Live-tweeting your celebrity encounter is corny
We’ve heard it our entire lives: celebrities are people, just like us! Apparently, plenty of people forget this the moment they actually encounter a celebrity in real life. Yesterday, Twitter user @hayejunt tweeted that she recognized Greta Gerwig in her afternoon viewing of I Feel Pretty at a Union Square theater, and spent the movie detailing Gerwig’s beverage choice, movements, and verbal musings on the film.
um I’m in a movie theater about to see I feel pretty alone and greta gerwig just walked in and sat down in front of me— i just wanted to see aidy bryant’s new movie (@hayejunt) May 9, 2018
The 22-tweet thread is a small blip in a larger web filled with endless stories like this one. An elbow brush with fame almost always makes the internet, but this thread is a more feverish reaction than I’ve seen publicly revealed before. It points to a clear predicament: In cities like New York, which are filled with celebrities, they’re generally meant to be left alone on the street. But because everyone now has the ability to capture any moment, public or private, it creates an awkward clash when someone simply decides to violate that unspoken contract. Musing about Gerwig’s laughter is one thing, but obsession can go beyond Twitter threads, and tread into very dangerous territory. Just last month, Taylor Swift had a stalker enter her Manhattan home.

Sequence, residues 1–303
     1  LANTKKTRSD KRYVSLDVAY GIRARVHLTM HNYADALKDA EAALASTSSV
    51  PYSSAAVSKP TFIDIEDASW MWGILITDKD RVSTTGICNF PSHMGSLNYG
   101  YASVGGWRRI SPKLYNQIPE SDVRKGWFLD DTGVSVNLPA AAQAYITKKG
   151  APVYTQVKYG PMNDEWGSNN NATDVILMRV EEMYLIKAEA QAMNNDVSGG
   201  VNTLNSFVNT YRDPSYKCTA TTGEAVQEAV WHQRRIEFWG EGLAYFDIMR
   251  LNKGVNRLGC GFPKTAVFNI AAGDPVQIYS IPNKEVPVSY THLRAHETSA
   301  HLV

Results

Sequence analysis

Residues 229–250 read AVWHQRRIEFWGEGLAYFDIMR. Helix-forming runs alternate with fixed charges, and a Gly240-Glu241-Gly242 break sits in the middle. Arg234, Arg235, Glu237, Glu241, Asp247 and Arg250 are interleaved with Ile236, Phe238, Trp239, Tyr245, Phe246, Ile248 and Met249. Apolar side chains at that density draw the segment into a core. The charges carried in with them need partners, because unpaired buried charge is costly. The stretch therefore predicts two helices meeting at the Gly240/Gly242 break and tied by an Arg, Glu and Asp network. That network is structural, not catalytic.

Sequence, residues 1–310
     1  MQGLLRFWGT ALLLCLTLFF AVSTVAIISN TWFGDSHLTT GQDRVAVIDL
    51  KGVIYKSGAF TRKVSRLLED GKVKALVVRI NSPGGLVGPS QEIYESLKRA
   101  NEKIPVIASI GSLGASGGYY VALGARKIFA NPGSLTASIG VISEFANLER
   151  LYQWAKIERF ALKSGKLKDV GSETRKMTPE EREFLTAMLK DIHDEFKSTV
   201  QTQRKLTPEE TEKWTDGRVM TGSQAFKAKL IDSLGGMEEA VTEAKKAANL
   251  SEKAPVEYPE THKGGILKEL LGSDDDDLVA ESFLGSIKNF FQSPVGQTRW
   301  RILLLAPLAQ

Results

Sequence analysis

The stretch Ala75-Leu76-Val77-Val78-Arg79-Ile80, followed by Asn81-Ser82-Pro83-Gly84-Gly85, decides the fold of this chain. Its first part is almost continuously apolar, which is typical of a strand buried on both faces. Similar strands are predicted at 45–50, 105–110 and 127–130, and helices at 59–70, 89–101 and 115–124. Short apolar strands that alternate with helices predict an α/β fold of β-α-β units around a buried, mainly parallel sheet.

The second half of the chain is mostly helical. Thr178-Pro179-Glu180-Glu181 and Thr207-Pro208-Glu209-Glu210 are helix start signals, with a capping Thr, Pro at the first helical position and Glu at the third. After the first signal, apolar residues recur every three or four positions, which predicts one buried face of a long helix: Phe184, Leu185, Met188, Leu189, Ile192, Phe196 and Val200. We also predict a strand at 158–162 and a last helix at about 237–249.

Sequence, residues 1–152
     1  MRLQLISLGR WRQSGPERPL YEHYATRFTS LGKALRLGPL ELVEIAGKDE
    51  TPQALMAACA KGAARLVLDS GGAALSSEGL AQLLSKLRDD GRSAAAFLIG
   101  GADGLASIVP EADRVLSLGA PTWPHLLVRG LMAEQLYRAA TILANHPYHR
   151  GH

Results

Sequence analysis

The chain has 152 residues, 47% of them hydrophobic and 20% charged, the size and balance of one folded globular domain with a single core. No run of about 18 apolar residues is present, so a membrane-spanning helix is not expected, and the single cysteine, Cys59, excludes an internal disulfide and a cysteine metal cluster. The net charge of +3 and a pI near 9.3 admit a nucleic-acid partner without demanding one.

It does say something weird about all of us when we put the private lives of other human beings on display so easily. Even more telling is the amount of people who have happily engaged with that thread, seeing nothing uncomfortable about it. Not to leap to “defend the celebrities” as a political stance — they’re celebs, they’ll be fine — but it’s kind of corny. We’re all entitled to a good geeking out, but maybe saving it for the group chat would be best.